Steve Martin sarcastically noted that, the first year the Oscars were given out, there were no black acting nominees, and this year there was only one—“Amazing growth,” he said. So what? One in 20 is 5 percent. Last year there were two (10 percent). The year before, four (20 percent). So, over the past three years, the percentage of black nominees (11.7 percent) is almost exactly the black proportion of the population is (12.6 percent). Three years ago there were six black acting nominees, or 30 percent, meaning blacks are overrepresented among acting Oscar nominees over the past four years. Over those past several years, by the way, the Academy has been rushing to offer membership to black film professionals, and as a result, the voting membership has a much larger proportion of voters of color than it did five years ago. If a much more diverse membership didn’t award lots of acting nominations to black performers this year, maybe there . . . just weren’t a lot of great black performances this year.
Yet the Academy can’t even consider the possibility that its members put merit above identity politics. “I would never consider diversity in matters of art,” one prominent voting member, Stephen King, said on Twitter. “Only quality. It seems to me that to do otherwise would be wrong.” King must have thought that a long history of being an outspoken liberal would save him from the Twitter mob, or that saying something obviously true would not cause undue consternation. But instead, many celebrities took after him, led by Selma director Ava DuVernay, who called him “backward” and “ignorant” in a tweet of her own. King backtracked, nonsensically, with a cringe-tweet saying, “The most important thing we can do as artists and creative people is make sure everyone has the same fair shot, regardless of sex, color, or orientation. Right now such people are badly under-represented, and not only in the arts.” Who does “such people” refer to? Never mind, the Academy threw itself into representation that was very regardful of sex, color or, orientation, filling up Oscar night by handing the mike to obscure performers such as Anthony Ramos, Utkarsh Ambudkar, and Zazie Beetz.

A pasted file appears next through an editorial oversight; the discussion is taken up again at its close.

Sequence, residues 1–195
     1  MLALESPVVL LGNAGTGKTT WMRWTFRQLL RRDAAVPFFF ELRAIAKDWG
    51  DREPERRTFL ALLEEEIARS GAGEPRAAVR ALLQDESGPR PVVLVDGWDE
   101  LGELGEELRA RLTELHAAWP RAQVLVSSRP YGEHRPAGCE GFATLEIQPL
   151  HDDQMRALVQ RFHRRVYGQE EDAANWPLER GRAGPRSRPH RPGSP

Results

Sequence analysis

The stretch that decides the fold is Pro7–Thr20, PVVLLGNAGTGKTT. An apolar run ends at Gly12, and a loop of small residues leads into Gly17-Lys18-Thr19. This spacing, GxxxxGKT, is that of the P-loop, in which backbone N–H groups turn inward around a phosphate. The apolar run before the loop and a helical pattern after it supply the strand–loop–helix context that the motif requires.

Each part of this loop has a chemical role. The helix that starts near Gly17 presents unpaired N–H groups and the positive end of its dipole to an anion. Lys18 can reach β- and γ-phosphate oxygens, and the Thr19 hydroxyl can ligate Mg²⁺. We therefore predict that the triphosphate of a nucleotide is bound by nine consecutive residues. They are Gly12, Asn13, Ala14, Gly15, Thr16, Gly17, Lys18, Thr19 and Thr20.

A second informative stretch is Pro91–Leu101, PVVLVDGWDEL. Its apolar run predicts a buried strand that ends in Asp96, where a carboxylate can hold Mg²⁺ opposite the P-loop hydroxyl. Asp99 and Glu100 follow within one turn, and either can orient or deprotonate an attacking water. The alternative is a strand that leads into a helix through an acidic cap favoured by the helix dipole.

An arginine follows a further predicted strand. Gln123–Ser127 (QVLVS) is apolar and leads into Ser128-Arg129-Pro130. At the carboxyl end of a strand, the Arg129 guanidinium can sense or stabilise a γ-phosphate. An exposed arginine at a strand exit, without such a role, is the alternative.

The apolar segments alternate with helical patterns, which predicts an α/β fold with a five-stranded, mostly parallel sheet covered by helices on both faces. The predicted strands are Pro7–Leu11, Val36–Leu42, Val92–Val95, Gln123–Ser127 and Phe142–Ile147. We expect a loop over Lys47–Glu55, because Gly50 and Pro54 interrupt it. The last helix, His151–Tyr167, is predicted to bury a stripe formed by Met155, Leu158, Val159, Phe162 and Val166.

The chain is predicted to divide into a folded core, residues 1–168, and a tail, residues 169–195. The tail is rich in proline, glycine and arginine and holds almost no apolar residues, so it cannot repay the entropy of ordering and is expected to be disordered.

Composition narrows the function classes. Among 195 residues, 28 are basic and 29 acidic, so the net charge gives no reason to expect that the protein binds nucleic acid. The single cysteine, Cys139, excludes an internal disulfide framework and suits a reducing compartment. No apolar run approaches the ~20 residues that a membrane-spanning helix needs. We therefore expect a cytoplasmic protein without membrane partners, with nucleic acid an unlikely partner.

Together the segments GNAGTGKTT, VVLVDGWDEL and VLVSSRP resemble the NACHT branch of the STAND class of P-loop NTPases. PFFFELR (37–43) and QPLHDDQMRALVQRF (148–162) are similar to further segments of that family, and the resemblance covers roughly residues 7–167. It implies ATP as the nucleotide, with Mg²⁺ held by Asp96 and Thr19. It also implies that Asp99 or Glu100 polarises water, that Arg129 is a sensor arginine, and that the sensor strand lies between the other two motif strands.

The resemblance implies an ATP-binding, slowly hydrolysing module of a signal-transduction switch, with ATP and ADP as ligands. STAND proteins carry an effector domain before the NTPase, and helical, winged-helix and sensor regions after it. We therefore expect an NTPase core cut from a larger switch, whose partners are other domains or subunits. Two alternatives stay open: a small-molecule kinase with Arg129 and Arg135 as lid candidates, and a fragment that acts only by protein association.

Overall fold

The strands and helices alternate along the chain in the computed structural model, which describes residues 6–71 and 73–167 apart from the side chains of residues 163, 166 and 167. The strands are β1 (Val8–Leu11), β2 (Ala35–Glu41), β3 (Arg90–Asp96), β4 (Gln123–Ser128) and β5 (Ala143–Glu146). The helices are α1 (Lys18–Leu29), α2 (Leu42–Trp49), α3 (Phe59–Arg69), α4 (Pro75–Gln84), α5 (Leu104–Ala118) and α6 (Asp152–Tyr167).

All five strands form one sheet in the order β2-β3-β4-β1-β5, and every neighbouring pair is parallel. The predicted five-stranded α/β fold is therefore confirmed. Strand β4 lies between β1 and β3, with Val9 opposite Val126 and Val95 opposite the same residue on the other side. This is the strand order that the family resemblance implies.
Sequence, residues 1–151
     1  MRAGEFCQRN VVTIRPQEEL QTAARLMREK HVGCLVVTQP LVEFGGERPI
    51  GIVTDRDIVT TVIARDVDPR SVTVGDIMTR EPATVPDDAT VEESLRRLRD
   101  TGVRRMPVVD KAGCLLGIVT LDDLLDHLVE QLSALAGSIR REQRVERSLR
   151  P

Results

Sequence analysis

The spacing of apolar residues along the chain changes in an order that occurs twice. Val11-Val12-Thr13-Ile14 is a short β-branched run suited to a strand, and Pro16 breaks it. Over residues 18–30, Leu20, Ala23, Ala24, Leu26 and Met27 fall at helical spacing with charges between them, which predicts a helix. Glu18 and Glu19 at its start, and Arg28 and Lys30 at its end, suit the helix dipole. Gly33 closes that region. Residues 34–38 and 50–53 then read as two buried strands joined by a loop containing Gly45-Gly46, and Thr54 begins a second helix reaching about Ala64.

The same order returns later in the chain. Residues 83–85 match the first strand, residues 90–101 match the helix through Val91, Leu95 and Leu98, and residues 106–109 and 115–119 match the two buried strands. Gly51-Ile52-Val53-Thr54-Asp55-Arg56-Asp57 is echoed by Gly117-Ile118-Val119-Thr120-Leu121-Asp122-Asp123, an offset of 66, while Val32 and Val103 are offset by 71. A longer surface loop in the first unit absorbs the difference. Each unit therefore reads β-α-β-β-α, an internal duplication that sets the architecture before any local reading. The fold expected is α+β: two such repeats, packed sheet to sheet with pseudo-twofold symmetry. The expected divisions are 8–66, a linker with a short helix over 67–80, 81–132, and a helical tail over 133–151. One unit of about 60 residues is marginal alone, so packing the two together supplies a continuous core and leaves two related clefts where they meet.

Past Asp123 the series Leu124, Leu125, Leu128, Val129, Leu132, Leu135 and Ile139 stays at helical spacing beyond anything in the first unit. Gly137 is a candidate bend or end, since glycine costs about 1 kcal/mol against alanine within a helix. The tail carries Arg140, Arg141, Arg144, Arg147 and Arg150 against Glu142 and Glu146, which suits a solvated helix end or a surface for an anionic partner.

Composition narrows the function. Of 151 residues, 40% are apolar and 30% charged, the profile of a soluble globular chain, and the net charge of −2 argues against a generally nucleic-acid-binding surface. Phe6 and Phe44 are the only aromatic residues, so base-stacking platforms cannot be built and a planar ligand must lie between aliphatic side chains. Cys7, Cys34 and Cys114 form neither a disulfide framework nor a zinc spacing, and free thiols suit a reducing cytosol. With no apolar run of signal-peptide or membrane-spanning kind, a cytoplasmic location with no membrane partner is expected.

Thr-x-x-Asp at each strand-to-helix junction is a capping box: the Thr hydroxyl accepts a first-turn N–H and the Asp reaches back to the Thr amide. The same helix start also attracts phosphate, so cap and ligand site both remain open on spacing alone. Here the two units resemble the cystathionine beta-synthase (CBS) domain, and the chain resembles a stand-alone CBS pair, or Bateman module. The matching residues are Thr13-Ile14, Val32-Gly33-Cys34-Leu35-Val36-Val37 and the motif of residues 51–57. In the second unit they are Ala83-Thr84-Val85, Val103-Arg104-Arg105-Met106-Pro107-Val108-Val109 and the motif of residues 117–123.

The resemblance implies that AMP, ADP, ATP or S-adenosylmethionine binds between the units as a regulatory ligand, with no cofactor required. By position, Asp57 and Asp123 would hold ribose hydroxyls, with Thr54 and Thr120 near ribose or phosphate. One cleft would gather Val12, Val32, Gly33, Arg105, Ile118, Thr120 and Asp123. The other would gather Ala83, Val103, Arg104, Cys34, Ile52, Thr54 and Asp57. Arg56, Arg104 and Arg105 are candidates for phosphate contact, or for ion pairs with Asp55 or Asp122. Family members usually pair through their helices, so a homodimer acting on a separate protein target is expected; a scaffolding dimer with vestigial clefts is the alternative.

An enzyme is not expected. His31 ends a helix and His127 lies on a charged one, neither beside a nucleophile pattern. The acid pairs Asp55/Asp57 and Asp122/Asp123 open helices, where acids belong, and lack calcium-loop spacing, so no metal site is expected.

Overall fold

Twitter was the uncredited producer of the show. How else to explain the prominent presence of the third-tier actress Kelly Marie Tran, who is almost completely unknown outside Twitter? In 2017, Twitter debated about how annoying she was and concluded she was very annoying indeed, in a small part in Star Wars: The Last Jedi. Other users insisted she was the victim of racism/sexism, because no woman of color can possibly be annoying, ever. Chris Rock and Steve Martin singled out black members in the audience (Mahershala Ali and Cynthia Erivo, whose name Martin mispronounced, igniting a fresh round of Twitter dudgeon during the show) to set up some tired race jokes. Later Maya Rudolph and Kristen Wiig did a long, grueling bit in which they pretended to be angry about everything, then insisted they weren’t angry because, they said, they wanted directors to hire them.
Rock and Martin can usually be relied on to tell the truth in jokes, but instead they came off as P.O.W.s who knew exactly what was and was not permitted by their captors. Perhaps they blinked out better jokes in Morse code, but aloud they did things like wonder what was missing from the Best Director category (“Vaginas,” was Rock’s answer). When Rock said, “They decided to go hostless this year,” and Martin asked, “Why is that?” Rock replied, “Twitter.” Alas, there is no joke there.